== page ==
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Comment #12 posted by afterburner on February 21, 2014 at 12:35:20 PT
Hope #9
If the 1960's pot was so weak, why were we hunted like dogs? Also, if 1960's pot was so weak, how did it spark a musical & cultural revolution?
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Comment #11 posted by FoM on February 21, 2014 at 12:13:53 PT
Patrick Kennedy
He is blaming the substances instead of himself. If all the drugs were eradicated from the face of the earth someone would figure out a way to get high. 
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Comment #10 posted by Hope on February 21, 2014 at 11:09:11 PT
People seem to want a whipping boy...a scapegoat.
Something to blame for all their problems, shortcomings, and failures and cannabis is a handy scapegoat for many, obviously. Anything to blame by themselves. Something to remove all responsibility from themselves. "I accept no responsibility for my actions at all. I couldn't help it. Don't blame me. It wasn't me! It was that danged ditch weed!"Patrick. I don't see a man making up for wrongs. I see Patrick Kennedy trying to be another artful dodger and actually being a tool for the prohibs. 
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Comment #9 posted by Hope on February 21, 2014 at 10:58:42 PT
And if the sixties... and hippies just had
worthless old ditchweed.... which does nothing. How come they were pursued like animals and treated like murderers for something so harmless? Tell me that Patrick Kennedy. Why the hell were they so persecuted and often MURDERED by the government over ditch weed?!!!
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Comment #8 posted by Hope on February 21, 2014 at 10:52:18 PT
Surprised they listen to him at all?
I've wondered that, too. But I think, they are using him. Using his name and holding him up as the pitiful poster boy. It doesn't work. He's a normal human that messed up... needs to face it and own it, and leave other people out of it. With him, I suspect, also, that it's partially a "trick"... to make us not look at him. He's saying, "I'm not so bad... look at these other guys". Accusation can be very handy for obfuscation with these guys.It's a pretty common maneuver with some children when they get in trouble.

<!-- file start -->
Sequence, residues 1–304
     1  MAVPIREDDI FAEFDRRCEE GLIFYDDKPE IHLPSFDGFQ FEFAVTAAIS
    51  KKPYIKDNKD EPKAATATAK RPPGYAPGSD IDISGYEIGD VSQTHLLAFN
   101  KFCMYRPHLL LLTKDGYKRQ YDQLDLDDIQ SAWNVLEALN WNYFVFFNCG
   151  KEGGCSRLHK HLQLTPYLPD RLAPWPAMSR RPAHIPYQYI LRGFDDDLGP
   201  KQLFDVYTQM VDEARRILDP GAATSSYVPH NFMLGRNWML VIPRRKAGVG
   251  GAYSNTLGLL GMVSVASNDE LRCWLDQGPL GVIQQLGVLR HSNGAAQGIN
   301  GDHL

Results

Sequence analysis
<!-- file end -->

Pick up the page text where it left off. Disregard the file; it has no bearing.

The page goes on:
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Comment #7 posted by Hope on February 21, 2014 at 10:41:32 PT
That's true, FoM. About P. Kennedy.
It's obvious. But he goes too far in his fear... to wanting to abuse people over it. He's also, I'm sure, extremely embarrassed about his own very public scenes, especially concerning that episode with driving asleep with that skanky sleepy pill. I'm sure he's trying to make up for something... he imagines. I don't care for the way he's trying to show everyone he's ok now. Blah.It's like he's saying, "I'm ok, now, I really am. Watch me slap this pothead upside the head. Whap! See? I'm not one of them. Here... let me slap another one. I'll prove it."
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Comment #6 posted by Hope on February 21, 2014 at 10:35:16 PT
Of course the tax money is rolling in.
And they are saving ridiculous enforcement costs. Seems that some of us have been bringing that up.... like FOREVER!The sky didn't fall. No need for cages.
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Comment #5 posted by FoM on February 21, 2014 at 10:31:35 PT
Patrick Kennedy
I am surprised that people listen to him at all. He has no evidence of what he says to be true. He lacks self control over substances and that is why he is on this mission.
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Comment #4 posted by FoM on February 21, 2014 at 10:28:11 PT
Patrick Kennedy
He reminds me of some reformed alcoholics or smokers. He has an addictive personality and assumes everyone does. 
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Comment #3 posted by Hope on February 21, 2014 at 10:23:40 PT
He's a bad man, in my opinion.
“Incarceration is a powerful motivator,” says Kennedy, 
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Comment #2 posted by Hope on February 21, 2014 at 10:18:55 PT
I know! I know!
I know what hole he lived in, and apparently still feels comfy in! The one where he's kept in the dark with no information and fed only government propaganda. And he believes it!
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Comment #1 posted by Hope on February 21, 2014 at 10:15:48 PT
Patrick Kennedy
They probably say it in other places, too, but down here, the common saying that would apply to this particular Kennedy is, "There's something wrong with that boy."Aaargh. He's so arrogant and know it all and knows nothing!Hippies did not smoke Ditch Weed! Dang I get sick of that know nothing, but somehow, know it all bilge that he and Sabet spew. They are so ignorant or so cunning that they think it only matters if they can deceive those that don't know. We had excellent weed in the olden days. Excellent! That's why we liked it! The sixties didn't happen with ditch weed.One plump but normal sized joint could get twelve people high for two hours and they had a ball! Two hits and they were baked. The music was good, too! It was fantastic!Why is it so important for them to lie? Oh ... I forgot... their entire premise is built on lies.It was good weed! It was "KILLER WEED" ... Skunk... even then.... it was pine tree, it was Acapulco Gold, Panama Red and Thai Stick. What hole did that Kennedy guy live in?Treatment or Jail: Patrick Kennedy Wages Fierce Anti-Pot Crusade